• 8 small flying fish fillets

  • Bajan Seasoning as needed (see recipe)

  • 2 eggs, beaten

  • Bread crumbs and flour, mixed

  • 1/2 cup butter

  • Lime slices and parsley for garnish

  • Bajan hot sauce, such as Windmill or Lottie’s

Rub the fillets with the Bajan Seasoning, then dip them in the beaten eggs, then the bread crumbs and flour. Fry the fillets in the butter until lightly browned, turning once.

Serve garnished with the lime slices and parsely. Sprinkle hot sauce over the fillets to taste.

Yield: 4 servings

Heat Scale: Varies


Bajan Seasoning


This version of the famous island seasoning is from Ann Marie Whittaker, who noted: "This is found in almost every home and is the secret to the success for many mouth-watering Bajan dishes." One of the favorite uses is to place it between the meat and skin of chicken pieces before grilling, baking, or frying. Note: This recipe requires advance preparation.

  • 1 pound onions, peeled and coarsely chopped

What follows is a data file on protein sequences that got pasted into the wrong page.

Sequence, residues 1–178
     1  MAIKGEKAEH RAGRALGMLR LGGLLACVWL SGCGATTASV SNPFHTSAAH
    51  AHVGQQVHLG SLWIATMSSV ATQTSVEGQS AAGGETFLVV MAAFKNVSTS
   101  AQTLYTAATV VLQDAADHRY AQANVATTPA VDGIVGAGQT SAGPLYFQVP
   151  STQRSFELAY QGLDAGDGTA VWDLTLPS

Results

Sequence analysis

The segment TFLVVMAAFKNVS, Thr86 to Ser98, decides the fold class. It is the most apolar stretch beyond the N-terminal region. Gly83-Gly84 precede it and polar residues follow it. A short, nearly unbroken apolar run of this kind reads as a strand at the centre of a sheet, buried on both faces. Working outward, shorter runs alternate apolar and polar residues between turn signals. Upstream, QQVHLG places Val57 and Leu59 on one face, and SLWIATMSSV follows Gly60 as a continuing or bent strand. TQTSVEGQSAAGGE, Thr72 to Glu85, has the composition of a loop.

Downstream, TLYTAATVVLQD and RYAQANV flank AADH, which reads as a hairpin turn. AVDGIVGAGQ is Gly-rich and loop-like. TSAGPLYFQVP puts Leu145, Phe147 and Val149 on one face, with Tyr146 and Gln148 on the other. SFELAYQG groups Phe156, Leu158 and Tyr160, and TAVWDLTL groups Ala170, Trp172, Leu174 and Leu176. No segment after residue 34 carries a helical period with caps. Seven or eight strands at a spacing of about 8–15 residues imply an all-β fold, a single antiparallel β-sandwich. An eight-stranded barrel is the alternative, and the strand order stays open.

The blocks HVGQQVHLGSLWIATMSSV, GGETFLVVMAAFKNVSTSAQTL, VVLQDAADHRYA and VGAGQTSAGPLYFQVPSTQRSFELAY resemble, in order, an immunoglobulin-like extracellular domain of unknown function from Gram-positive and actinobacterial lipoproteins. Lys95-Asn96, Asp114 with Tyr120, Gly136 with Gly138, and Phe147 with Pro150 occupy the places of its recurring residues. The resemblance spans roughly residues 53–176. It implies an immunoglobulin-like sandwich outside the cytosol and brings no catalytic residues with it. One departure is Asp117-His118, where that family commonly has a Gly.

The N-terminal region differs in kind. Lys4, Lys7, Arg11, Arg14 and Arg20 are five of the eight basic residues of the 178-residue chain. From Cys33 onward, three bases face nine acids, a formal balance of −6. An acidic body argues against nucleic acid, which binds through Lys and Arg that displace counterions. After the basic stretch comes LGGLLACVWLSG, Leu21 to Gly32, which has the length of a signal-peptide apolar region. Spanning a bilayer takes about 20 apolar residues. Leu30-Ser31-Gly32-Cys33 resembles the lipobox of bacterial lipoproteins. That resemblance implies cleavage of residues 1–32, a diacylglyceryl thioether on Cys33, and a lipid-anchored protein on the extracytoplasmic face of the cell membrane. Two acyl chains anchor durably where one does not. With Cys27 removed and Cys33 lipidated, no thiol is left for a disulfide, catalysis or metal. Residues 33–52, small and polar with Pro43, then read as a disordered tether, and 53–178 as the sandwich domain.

• 5 ounces green onion, coarsely chopped

  • 8 garlic cloves, peeled

  • 4 bonney peppers, seeds and stems removed, or substitute habaneros

  • 2 ounces fresh thyme

  • 2 ounces fresh parsley

  • 2 ounces fresh marjoram

  • 1 1/2 cups vinegar

  • 2 tablespoons Worcestershire sauces

  • 1 teaspoon ground cloves

  • 1/4 teaspoon black pepper

  • 3 tablespoons salt

In a food processor, combine the onions, green onion, garlic, and bonney peppers and process to a coarse paste.

Remove the leaves from the stems of the thyme, parsely, and marjoram. Place the leaves and the vinegar in a food processor or blender and liquefy.

Combine the onion paste, vinegar mixture, and the remaining ingredients in a bowl and mix well. Cover, transfer to the refrigerator, and allow to sit for 1 week before using. The seasoning will keep in the refrigerator for at least 6 months.

Yield: About 2 to 3 cups

Heat Scale: Hot